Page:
How To Blatantly Cheat In The NBA

Amir Johnson got away with something that junior high refs would catch.

1. Step 1: Be an NBA player. In this case, be power forward Amir Johnson, whose Toronto Raptors hosted the Portland Trail Blazers Wednesday night.

He’s smiling because… well, you’ll see.

2. Step 2: Get the ball. Dribble. Stop dribbling.

3. Step 3: Stand there for a bit. PIVOT. (Good pivot.) PUMP-FAKE. (Good pump-fake.)

4. Step 4: Start dribbling again, in what is commonly known as a double-dribble and is the kind of thing basketball players stop doing sometime around 5th grade.

5. Step 5: Make sure that the two refs, circled in red, who are both staring *right* at you, somehow go blind for 10 seconds and miss your indiscretion.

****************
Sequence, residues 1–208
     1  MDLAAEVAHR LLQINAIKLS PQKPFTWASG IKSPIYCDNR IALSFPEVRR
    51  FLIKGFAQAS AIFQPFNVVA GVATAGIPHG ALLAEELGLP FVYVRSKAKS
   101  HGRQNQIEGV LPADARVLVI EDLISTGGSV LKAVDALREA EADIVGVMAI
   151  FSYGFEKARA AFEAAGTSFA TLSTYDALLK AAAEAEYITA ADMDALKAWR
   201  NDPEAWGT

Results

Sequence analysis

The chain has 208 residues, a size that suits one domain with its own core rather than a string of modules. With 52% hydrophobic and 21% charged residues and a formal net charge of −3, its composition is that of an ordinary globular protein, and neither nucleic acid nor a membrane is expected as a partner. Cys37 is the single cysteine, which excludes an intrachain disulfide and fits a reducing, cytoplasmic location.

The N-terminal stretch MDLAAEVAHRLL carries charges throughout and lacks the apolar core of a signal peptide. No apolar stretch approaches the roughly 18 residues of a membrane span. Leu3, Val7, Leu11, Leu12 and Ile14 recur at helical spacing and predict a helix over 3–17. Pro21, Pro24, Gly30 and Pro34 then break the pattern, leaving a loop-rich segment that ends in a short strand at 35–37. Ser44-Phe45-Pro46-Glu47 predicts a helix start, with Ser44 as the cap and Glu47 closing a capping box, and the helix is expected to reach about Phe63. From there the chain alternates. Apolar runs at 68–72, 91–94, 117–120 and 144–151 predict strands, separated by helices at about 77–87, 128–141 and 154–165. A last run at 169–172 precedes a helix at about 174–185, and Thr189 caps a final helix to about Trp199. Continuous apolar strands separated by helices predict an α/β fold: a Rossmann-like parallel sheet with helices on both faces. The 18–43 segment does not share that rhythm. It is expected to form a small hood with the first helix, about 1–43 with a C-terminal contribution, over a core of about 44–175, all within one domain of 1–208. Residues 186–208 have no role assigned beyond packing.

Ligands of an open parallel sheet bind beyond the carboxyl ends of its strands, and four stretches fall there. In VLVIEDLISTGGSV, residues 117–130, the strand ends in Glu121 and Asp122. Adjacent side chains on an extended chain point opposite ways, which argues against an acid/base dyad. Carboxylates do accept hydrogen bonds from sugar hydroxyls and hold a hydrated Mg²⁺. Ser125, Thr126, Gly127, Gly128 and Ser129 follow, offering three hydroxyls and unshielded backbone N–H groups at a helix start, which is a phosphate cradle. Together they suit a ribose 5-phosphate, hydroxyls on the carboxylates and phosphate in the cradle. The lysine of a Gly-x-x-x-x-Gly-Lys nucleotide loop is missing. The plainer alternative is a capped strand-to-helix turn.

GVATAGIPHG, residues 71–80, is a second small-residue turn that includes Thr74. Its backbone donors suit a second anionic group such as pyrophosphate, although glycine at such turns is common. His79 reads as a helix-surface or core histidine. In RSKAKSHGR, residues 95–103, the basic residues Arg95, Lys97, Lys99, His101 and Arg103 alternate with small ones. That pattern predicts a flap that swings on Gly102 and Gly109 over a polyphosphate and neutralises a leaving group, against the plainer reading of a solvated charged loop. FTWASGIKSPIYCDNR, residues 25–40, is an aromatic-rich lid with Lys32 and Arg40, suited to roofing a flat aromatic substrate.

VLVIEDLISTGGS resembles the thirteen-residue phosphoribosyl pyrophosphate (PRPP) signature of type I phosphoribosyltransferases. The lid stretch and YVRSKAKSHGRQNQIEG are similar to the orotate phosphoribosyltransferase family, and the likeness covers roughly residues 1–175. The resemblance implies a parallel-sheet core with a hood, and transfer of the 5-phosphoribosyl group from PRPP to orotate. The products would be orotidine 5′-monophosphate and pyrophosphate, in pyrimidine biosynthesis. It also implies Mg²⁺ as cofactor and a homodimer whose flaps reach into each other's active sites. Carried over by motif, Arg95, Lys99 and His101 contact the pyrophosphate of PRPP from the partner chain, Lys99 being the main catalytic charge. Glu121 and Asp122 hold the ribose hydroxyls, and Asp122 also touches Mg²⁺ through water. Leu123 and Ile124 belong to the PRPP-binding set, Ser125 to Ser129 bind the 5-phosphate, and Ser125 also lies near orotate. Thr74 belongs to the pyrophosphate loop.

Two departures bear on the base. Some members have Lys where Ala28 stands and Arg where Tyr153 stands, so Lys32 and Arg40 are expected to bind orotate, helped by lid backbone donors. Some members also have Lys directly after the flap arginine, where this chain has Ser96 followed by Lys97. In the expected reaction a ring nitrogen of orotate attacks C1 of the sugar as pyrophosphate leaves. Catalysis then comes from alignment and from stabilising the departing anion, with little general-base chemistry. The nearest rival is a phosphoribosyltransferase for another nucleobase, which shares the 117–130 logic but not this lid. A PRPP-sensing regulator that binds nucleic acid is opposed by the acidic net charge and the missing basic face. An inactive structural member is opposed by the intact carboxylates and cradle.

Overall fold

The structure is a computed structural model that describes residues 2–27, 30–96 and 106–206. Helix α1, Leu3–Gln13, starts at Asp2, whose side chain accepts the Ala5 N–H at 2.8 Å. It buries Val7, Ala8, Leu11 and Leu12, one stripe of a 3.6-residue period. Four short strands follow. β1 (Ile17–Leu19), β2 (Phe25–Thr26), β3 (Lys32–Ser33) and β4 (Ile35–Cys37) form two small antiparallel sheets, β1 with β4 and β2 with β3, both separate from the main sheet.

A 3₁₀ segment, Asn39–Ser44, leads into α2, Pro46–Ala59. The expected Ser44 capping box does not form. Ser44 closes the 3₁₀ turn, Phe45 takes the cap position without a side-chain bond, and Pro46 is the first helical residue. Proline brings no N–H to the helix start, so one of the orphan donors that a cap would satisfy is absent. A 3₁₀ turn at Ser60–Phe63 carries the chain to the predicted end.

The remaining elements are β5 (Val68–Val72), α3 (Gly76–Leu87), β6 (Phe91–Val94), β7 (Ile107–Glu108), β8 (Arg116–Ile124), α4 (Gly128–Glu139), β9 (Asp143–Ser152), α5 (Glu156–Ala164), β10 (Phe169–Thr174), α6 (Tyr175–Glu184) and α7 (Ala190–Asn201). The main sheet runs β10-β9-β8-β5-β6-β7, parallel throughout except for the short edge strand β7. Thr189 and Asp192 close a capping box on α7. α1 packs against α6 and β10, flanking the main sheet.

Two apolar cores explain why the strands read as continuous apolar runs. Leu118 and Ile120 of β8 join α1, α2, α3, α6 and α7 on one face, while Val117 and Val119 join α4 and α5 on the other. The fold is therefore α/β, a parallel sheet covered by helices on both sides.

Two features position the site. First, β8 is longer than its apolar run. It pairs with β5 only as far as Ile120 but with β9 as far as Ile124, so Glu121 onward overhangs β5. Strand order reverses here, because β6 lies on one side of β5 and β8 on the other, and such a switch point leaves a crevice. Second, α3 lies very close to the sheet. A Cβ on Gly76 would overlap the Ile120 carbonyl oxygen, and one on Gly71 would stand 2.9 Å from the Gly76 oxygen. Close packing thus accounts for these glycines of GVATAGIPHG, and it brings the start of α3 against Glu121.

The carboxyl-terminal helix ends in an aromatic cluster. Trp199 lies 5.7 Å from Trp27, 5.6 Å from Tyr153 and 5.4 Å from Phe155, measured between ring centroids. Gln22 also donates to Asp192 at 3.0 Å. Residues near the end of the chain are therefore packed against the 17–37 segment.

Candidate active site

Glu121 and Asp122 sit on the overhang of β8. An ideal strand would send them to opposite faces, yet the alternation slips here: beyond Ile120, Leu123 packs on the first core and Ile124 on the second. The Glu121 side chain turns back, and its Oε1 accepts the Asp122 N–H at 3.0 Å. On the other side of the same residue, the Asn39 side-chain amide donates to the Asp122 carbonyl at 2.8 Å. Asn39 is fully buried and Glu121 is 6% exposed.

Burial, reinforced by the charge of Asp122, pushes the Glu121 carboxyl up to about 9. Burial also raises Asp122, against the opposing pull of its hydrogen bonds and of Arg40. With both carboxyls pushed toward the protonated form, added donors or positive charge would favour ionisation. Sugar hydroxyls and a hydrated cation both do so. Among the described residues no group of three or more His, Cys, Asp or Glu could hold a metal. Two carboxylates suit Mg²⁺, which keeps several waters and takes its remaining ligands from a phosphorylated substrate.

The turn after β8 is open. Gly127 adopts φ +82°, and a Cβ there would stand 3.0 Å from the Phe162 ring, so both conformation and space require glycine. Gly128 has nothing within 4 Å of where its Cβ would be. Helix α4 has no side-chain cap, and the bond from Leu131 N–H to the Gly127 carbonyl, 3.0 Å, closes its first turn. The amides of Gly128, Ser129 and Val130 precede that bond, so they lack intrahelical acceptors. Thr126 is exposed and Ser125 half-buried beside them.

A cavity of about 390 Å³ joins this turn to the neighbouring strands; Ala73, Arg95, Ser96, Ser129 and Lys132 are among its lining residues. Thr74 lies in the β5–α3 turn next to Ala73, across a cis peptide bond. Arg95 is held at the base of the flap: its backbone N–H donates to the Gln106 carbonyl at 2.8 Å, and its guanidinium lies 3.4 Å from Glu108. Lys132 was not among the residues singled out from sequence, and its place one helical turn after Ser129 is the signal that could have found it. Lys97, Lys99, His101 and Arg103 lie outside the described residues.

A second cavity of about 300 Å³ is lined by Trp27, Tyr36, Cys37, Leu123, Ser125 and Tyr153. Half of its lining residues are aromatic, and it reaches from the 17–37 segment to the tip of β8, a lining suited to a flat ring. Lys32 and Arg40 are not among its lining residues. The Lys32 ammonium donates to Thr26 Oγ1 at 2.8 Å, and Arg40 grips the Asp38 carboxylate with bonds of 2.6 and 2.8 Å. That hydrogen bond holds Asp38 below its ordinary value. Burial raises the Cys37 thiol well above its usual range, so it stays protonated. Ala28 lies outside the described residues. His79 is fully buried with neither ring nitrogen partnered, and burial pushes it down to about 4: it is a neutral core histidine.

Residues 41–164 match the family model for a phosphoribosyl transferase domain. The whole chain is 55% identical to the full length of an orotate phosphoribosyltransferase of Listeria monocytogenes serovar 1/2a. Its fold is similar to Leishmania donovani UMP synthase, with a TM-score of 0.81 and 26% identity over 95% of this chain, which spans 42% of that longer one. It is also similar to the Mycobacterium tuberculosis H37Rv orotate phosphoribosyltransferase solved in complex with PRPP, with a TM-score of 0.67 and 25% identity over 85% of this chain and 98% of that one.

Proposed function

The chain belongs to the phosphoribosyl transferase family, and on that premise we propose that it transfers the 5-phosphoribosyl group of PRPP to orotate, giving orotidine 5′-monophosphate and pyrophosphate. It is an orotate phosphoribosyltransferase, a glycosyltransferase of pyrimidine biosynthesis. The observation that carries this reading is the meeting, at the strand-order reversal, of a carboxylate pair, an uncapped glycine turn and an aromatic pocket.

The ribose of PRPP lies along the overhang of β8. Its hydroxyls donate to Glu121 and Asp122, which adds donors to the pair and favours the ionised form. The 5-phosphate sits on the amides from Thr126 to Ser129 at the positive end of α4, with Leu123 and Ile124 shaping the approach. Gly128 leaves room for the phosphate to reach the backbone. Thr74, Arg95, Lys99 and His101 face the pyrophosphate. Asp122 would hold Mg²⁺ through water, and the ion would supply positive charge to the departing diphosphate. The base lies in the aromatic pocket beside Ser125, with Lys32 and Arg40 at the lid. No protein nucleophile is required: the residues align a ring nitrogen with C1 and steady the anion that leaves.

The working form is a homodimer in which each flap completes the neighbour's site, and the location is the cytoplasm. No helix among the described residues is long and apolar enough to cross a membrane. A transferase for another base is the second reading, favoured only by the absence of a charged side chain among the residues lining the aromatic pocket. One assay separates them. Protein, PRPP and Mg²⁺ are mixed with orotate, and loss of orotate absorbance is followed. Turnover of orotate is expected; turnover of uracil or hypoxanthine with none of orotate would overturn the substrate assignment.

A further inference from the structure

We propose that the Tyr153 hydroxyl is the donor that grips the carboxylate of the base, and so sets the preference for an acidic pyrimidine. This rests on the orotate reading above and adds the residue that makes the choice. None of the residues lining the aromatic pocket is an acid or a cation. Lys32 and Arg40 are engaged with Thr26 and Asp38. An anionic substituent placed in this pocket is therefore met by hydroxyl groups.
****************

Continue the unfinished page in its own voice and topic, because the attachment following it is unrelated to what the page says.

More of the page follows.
6. Step 6: Celebrate.

Seriously, be happy: you just got away with something that’s egregious even if you were playing for St. Mary Catherine’s Junior High JV team.

7. Step 7: Well, this isn’t really a step, but — HI HATERS. (That’s Portland coach Terry Stotts looking aggrieved and aghast, by the way. As he should.)

8. For a little added fun, let’s compare the way the hometown and Portland commentators reacted. Portland’s crew immediately realizes they just saw a miscarriage of justice.

“That’s a double-dribble!”
“Terry Stotts is saying, ‘What in the heck.’”
“Yeah, they missed it completely — three refs out there, it’s a double-dribble! … How do you miss that? I mean, he double-dribbled!”

9. The Toronto commentators, meanwhile, not only waited a few beats before even mentioning the possibility — they had to see it again.

“Amir Johnson with a smile and a new look, by the way.”
“I tell you what, Matt — I’d like to see that again. I think Amir got away with a little double-dribble right there!”
“And that’s maybe why he was smiling back at the bench.”
“If I’m not mistaken, he already used his dribble.”

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